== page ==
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remember when we used to pretend we had direction?

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Tsukishima wakes up in his office with sunlight spilling in through the small window. He blinks a few times before realizing that he’s been drooling on a report he was working on the night before. He sits up in his chair, still groggy from sleep and lets out a small sigh. It’s good to be back in Hokkaido where he can feel the sun on his face and hear the crunch of leaves under his boots, but he hasn’t been outside in days. Instead, he’s been holed up in his office working on this report. To say that Tsurumi had been furious upon discovering that Asirpa had gotten away would be an understatement. Newer recruits had cowered for weeks while seasoned soldiers like Tsukishima had barely batted an eye at the sight of Tsurumi storming up and down the barracks, strangely silent about the whole affair. Tsukishima could have sworn he saw him playing with the finger bones again and it would have been near comical if he didn’t know how much of that fury was directed at him. So here he has been for a better portion of the week, writing up a comprehensive report on what he learned during his time with Sugimoto's group. He is under no impression that Tsurumi will ever forgive or forget the gross insubordination he witnessed that day in Karafuto, but he can only hope that this placates him for the time being. He’s wiping a line of drool from his face with his sleeve when he sees Private First Class Ariko standing in the doorway.

Tsukishima stands to salute him, nearly stumbling in the process. “What can I help you with, sir?” he asks, hoping that Ariko pays no attention to his disheveled appearance.

“There’s someone on the phone asking for you.” Ariko informs him before leaving promptly, presumably to avoid the possibility of bumping into Tsurumi.

Tsukishima gathers the pages of his report before putting them inside a drawer. As he makes his way to the common area, he wonders who could be calling him. Some of the other soldiers have families and he often sees them lined up to use the single phone, waiting to talk to mothers and fathers, brothers and sisters, and on the rare occasion, lovers. Tsukishima has none of these, so when he picks up the phone, he is surprised to hear the voice of Rear Admiral Koito Heiji.

“Hello, Tsukishima?” comes his gruff voice from the other end.

“Sir!” Tsukishima nearly salutes, but quickly lowers his arm upon remembering that the admiral cannot see him. “Were you able to resolve any issues with the ferry that we encountered while pursuing Sugimoto and his cohorts?”

“Yes,” he pauses to clear his throat. “Tsurumi spoke with the captain and he was able to stop it from becoming an international incident.” Tsukishima can’t help but roll his eyes at this. Tsurumi could talk a child into giving up their favourite toy, so convincing the ferry captain not to make a scene is child’s play for him.

“So…” Tsukishima waits for Admiral Koito to say something else. He doesn’t know him all that well, but has always felt a great deal of respect for the man, which is more than he can say for most of his other superiors. From what he does know, Rear Admiral Koito is a man of few words, so for him to call Tsukishima is a bit of a puzzle. “How is Koito?” Tsukishima finally decides to ask.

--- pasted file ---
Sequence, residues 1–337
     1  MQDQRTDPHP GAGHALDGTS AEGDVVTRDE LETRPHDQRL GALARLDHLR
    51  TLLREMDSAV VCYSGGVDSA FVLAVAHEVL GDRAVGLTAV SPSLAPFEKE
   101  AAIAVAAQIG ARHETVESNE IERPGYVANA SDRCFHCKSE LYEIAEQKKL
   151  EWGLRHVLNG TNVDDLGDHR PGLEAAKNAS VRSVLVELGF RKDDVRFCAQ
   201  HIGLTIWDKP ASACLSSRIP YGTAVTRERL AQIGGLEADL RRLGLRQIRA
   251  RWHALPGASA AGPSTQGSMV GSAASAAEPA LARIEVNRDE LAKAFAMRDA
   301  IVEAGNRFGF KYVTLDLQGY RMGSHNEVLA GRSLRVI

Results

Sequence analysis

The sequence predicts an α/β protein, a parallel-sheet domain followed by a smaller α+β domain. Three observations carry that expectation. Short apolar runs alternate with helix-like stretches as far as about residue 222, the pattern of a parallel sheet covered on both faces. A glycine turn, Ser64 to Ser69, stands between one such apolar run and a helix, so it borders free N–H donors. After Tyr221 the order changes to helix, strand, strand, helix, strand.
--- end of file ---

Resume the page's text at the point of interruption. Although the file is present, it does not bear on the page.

After being stabbed by Sugimoto back in Karafuto, Koito’s father had brought his son home to recuperate. It’s been a little over a month since then and he hasn’t returned to the barracks. Tsukishima would be worried if he wasn’t so relieved. Tsurumi has been on the warpath ever since they came back to Hokkaido and Tsukishima does not want the lieutenants to collide. At least, that’s what he tells himself. The truth is, he’s not sure what to say to Koito, so he’s been avoiding him. After dragging his half-conscious body onto his father’s ship, he spent the journey back to Hokkaido at his side, shouting at him every time he closed his eyes, worried that he’d slip into an eternal slumber. He has no clue whether the second lieutenant remembers any of that, but he’s certain that Koito hasn’t forgotten the conversation they had just hours before he was stabbed.

“He’s doing fine. He’s…” Rear Admiral Koito trails off and for a second, Tsukishima wonders if their connection has been cut. “Actually,” the admiral lowers his voice. “He’s not fine. He stays indoors all day and he’s not eating as much. The doctors tell me it’s nothing to worry about, that he’s healing well, but a father worries about this stuff, you know?” Tsukishima doesn’t know, but he doesn’t correct him. He also doesn’t bring up the fact that Koito is most likely struggling to come to terms with the fact that he and his father have been manipulated by a man he once held in such high admiration.

“I’ve tried talking to him, but he doesn’t want to…" he says before trailing off again, as if he can’t find the words to explain what his son is going through.

“Sir?” Tsukishima chews on the inside of his cheek, starting to see where this is going.

“Can you please come by and try to talk to him?” And there it is. Tsukishima is thinking of some excuse to avoid what is sure to be an awkward and long overdue conversation with Koito, but then he hears the elder Koito’s voice crack. "I can’t bear to lose him too.”